With just 2 and a half months to go, and spring in the air, we have been dragging ourselves away from couches and iPads and Wii in order to fit in a few last adventures. Yesterday we headed back to the Sea of Galilee – site of the loaves and fishes and the sermon on the mount – to take in some spectacular scenery resulting from a rainy winter. We hadn’t been back since we went with Becca two years ago. It was a long drive, but the boys had fun with some mini-hikes and eating fishing and calamari.
Category Archives: Travel
Jenny’s sister Becca has been visiting us the past couple of weeks. Working around endless hours of playing hide and seek with Dominic and Ali, we managed to get out and explore some of Northern Israel, the West Bank, and the Dead Sea. Looking back, it has been a pretty full trip. We climbed Masada, home to Herod the Great’s palaces on top of an enormous plateau and site of a Jewish siege by Roman soldiers. We floated in the Dead Sea and gave ourselves a mud bath, explored the Crusader town of Akko on the Northern Coast of the Mediterranean, saw the Church of the Nativity in Bethlehem, had lunch on the Sea of Galilee, toured amazing Biblical sites like the spot where Jesus appeared to the apostles, and did a windshield tour of Jericho, the world’s oldest inhabited town.
We are really going to miss her (and the motivation she gave us to get out of the apartment)!
As the summer – and our time in Germany – began to wind down, Tony picked me up from the airport one morning after a quick trip to DC and we headed to Berlin. This was a trip we had both been eagerly anticipating. Tony has done a lot of reading this year focused on post-WWII/Cold War Berlin and was eager to experience the complicated and magical (my word) city himself. For me, it was a return to a city that I feel like I have seen grow up – from 1991, when the Wall was still largely in tact and Soviet soldiers still roamed the streets of East Berlin, to 1995 when it was the world’s biggest construction zone, to 2000 as the seat of Government was being moved back to the traditional capital and the city was beginning to re-establish itself on the world stage. This visit was surprising emotional for me as I saw that the “living history” era I had been fortunate to experience had really transformed into a monument to a past I felt intimately involved in.
We got to see it from an interesting vantage point – after a morning at the Checkpoint Charlie Museum, we hopped in a Trabi for a two hour drive around the city. The only thing I remember from my last ride in one of these East German cars was the lack of shocks. Twenty years has not improved upon that.
The highlight for me was a return to the East Side Gallery – or, rather, the backside of it which had been closed off on my previous return trips. In 1991, some AFS friends and I, in Berlin for several weeks living with East German families at the midway point of our year in West Germany, took some spray paint and added our own graffiti to the Berlin Wall. While surely painted over many times since, being back in that spot evoked some amazing memories.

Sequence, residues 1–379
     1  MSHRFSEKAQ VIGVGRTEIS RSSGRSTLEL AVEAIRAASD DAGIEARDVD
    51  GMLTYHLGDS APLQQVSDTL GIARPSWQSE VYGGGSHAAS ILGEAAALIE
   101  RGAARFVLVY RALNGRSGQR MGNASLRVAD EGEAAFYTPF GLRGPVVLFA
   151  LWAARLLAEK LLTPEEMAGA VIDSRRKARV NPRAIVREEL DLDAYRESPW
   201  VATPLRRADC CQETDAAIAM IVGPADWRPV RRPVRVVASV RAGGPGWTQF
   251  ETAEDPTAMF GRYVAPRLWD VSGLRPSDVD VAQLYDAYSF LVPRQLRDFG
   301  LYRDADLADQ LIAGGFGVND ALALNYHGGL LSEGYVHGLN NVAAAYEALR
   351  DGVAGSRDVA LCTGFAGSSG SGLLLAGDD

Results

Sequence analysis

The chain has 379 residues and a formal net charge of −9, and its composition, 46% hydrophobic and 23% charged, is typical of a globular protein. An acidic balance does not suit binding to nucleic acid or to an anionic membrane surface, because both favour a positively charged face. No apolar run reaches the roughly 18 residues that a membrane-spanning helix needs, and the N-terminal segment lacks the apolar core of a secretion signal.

On our way out of town, we made one last stop in Potsdam to see the Glienicke Brucke, the bridge where Cold War spy exchanges took place and where East Germans streamed across in November 1989 as the Berlin Wall opened. Berlin continues to have a hold on me like no other place. After all of our travels this year around Europe, and elsewhere before that, I think I have to conclude it remains my favorite city.
Living in Europe, it turns out, is pretty awesome. The best part about it, though, has to be the great travel destinations just a few hours away. We took our first big trip just after Thanksgiving. Jen’s dad, stepmom Joyce, sister Tess, and brother-in-law Mike loaded up our two cars and headed south. Thanks to Phil and Joyce’s timeshare, we had two great apartments in the charming hilltop village of Mougins, just north of Cannes.
For the next week, we explored the Riviera and Provence. We spent days in Nice, Monte Carlo, Antibes, Avignon (without the kids!), and Aix-en-Provence. We especially loved all of the markets with fresh produce, lavendar soaps, and local textiles. The wine tasting at the Palace of the Popes in Avignon (again – no kids :-)) was definitely one of the coolest things we did and contributed to the 3 cases of wine we came home with (more on our stop in Barolo, Italy later).
The boys had a blast stuffing themselves on chocolate croisssants (it’s vacation – why limit them to just one a day!), playing with family, and, for Dominic, celebrating his 4th birthday. We’re pretty sure the trip was a success as everytime we ask the boys what they want to do for the weekend, they say they want to go back to France!